Patients on Philips devices can download the free DreamMapper app, an adherence tool that boosts more than 2 million users. “You can improve adherence by over 20% just by giving someone this mobile app,” Aloia says. “You don’t even need to do anything else.”

Management by Exception

Because sleep professionals have limited time (and time spent encouraging adherence is in many cases not reimbursable), technological solutions have emerged to allow for management by exception. In the case of OSA management, this means algorithms identify only the patients who are struggling with using CPAP on their own but may become adherent if a sleep professional quickly intervenes.

Some of these algorithms perform with impressive accuracy.

A recent multivariate analysis of a Philips algorithm known as Adherence Profiler bears this out. The study of 457 sleep apnea patients whose data was put into the program found that the significant predictors of CPAP usage on day 90 were only 1) older age, and 2) the Adherence Profiler prediction at day 14.2

Clinicians and DME/HMEs in North America and the European Union who have access to Philips Encore Anywhere or Care Orchestrator cloud-based patient management systems have access to Adherence Profiler. (Adherence Profiler was launched as part of Care Orchestrator in 2015. There’s no added cost, but the user must request for Adherence Profiler to be turned on.)

Philips’ Aloia, who is also an associate professor of medicine at National Jewish Health, says Adherence Profiler is significant because it incorporates data that’s generated across many individuals. “By doing that, we can start to see patterns of use,” Aloia says. “We look at CPAP use as a behavior, and it varies. It’s not just an on or off kind of thing. We can build algorithms that can say who is at risk of having poor adherence down the road.”

Aloia says the algorithmic tool gives clinicians “a red light, green light, yellow light” approach to determine who is in need of additional support.

“That is important from a psychological perspective because it’s a teachable moment,” he says. “We think the early moments of disengagement are teachable moments. Adherence Profiler gives that red flag to say, ‘You should attend to ‘Betty’ because she’s starting to struggle and she’s on the path toward struggling with adherence in the long run.’”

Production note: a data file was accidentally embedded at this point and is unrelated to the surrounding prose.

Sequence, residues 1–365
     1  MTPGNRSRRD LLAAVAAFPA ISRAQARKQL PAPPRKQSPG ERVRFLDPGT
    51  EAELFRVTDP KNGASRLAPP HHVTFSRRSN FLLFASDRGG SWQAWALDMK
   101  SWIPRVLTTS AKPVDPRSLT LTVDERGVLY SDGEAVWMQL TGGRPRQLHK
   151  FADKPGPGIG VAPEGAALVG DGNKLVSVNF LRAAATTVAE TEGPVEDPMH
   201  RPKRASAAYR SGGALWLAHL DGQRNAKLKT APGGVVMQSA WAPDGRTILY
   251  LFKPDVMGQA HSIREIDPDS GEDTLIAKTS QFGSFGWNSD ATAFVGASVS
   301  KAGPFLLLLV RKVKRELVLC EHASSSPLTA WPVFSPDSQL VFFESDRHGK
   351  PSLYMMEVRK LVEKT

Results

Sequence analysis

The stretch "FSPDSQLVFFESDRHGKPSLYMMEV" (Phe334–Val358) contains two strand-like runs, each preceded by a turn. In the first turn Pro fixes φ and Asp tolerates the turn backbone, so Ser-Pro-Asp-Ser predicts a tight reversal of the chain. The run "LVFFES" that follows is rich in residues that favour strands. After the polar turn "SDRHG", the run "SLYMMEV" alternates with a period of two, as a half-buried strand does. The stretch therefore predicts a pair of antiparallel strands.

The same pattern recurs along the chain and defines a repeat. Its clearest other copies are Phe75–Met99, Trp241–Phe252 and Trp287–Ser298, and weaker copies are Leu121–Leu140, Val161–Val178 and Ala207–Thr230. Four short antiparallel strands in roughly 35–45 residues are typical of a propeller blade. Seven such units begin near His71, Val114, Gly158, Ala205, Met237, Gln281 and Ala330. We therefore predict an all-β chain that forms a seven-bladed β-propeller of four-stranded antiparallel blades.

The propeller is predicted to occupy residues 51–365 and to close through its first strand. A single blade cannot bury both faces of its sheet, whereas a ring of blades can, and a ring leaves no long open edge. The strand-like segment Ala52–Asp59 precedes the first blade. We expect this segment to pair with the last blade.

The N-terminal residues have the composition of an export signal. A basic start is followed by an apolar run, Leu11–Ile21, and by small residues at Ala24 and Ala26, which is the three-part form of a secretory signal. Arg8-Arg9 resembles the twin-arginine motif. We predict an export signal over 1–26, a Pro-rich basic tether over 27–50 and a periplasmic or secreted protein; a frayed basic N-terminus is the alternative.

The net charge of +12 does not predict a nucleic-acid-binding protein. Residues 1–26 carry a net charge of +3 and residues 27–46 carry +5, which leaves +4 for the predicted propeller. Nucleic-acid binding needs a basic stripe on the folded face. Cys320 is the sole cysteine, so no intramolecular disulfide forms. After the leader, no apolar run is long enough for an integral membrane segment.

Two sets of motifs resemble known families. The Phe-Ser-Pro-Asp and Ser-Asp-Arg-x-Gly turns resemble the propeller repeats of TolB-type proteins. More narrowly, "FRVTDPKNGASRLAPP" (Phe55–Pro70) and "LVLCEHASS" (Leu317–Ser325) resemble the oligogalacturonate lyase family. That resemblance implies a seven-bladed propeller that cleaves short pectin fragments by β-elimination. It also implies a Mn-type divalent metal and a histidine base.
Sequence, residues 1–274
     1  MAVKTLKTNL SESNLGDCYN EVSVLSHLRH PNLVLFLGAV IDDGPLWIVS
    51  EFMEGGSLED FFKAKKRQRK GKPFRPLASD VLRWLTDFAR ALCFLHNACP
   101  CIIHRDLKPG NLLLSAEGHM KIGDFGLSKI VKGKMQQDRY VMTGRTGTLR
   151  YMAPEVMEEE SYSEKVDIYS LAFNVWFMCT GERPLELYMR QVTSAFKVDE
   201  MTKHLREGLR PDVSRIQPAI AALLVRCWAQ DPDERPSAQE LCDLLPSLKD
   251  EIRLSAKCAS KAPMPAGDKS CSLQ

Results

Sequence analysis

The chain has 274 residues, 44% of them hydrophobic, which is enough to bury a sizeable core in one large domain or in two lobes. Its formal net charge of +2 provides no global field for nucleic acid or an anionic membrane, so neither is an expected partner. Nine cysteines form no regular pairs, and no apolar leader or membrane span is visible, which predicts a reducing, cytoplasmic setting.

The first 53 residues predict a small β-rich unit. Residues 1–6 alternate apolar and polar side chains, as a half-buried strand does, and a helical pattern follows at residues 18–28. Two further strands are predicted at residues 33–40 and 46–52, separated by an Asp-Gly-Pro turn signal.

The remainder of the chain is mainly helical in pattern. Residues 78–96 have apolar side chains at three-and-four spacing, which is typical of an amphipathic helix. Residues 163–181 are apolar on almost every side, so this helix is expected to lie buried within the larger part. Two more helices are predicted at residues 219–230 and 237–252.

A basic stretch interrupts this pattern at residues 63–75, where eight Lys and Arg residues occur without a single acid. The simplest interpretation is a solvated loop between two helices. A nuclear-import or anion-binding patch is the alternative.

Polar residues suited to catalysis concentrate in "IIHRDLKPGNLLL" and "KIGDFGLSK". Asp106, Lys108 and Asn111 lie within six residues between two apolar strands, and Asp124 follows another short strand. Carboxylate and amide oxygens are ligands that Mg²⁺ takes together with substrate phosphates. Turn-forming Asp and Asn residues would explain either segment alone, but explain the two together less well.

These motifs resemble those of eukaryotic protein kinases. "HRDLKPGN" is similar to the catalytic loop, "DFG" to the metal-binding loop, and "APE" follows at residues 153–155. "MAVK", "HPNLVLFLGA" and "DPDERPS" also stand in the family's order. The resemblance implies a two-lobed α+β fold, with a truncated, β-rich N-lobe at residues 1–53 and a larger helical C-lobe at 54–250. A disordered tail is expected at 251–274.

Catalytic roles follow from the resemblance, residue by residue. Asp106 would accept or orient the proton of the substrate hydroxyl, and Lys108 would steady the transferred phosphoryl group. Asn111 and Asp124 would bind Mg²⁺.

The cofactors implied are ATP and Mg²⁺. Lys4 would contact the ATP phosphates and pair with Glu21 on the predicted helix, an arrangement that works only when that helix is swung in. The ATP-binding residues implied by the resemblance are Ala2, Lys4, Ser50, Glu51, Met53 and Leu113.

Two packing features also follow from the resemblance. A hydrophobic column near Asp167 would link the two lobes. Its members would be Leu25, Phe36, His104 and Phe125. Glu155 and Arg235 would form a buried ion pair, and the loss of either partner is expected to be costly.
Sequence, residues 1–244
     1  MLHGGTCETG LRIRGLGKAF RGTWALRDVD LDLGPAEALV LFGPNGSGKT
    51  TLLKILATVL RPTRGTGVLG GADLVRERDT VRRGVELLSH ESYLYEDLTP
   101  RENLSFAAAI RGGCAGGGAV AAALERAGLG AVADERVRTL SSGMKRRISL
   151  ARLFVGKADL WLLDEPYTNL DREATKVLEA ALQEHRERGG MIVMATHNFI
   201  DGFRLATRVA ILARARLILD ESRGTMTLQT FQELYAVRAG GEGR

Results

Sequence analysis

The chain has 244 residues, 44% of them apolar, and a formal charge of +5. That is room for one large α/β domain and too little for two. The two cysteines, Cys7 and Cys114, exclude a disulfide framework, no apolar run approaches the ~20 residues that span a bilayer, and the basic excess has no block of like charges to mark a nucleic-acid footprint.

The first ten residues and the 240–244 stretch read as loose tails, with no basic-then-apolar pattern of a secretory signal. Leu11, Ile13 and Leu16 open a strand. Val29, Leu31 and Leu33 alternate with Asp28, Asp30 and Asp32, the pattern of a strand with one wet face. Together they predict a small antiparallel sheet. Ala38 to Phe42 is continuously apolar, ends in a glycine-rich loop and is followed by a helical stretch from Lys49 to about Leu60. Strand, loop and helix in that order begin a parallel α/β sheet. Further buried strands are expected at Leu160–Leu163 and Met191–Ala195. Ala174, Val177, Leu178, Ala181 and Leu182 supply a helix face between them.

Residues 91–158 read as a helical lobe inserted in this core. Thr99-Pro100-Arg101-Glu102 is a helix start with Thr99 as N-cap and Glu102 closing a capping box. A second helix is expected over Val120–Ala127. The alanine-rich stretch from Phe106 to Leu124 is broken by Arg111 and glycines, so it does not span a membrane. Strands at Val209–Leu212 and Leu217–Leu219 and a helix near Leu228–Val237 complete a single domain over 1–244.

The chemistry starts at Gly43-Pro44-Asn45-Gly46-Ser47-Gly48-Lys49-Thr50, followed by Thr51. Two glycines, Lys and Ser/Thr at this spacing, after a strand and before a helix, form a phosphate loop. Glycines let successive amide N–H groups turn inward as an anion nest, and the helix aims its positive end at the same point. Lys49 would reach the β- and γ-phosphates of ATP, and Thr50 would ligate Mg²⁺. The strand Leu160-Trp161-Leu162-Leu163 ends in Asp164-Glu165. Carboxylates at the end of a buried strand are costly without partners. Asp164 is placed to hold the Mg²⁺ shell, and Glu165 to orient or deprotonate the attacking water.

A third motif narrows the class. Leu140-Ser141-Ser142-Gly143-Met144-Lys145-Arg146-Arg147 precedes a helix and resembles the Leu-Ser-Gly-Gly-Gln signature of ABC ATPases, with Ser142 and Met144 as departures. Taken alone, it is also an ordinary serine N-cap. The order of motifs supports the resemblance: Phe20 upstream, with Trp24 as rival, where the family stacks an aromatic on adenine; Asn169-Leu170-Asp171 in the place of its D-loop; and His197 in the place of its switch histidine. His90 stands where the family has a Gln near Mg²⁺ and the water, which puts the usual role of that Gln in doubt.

BetterNight too utilizes big data to manage sleep apnea patients by exception. Its proprietary platform is called Clarity. “Clarity tracks thousands of patients by downloading the data from the cloud from major manufacturers like ResMed, Respironics, and Fisher & Paykel,” BetterNight’s Munafo says. “Then we can set our own flags and produce our own reports, so we can determine which people are struggling. Whether they’re having a mask leak, their AHI is elevated, or they are simply not using it—whatever the flag we choose to set, we can then find those individuals….The report goes back to the coaches who can then reach out to the right person, at the right time, with the right intervention.”

As the pandemic continues to surge for at least the short-term, long-term CPAP adherence does not have to suffer. By using human and technological interventions, sleep professionals can continue to support patients with remote interventions.

Greg Thompson is a Loveland, Colo-based freelance writer.


  1. Hevener W, Barnes F, Munafo DA. Feasibility of observed but physically unaided continuous positive airway pressure set ups. Sleep. April 2020;43(suppl_1):A240.
  2. Sabil A, Le Vaillant M, Stitt C, et al. CPAP data-based algorithm for automatic early prediction of therapy adherence. Sleep Breath. 2020 Sep 25. Epub ahead of print.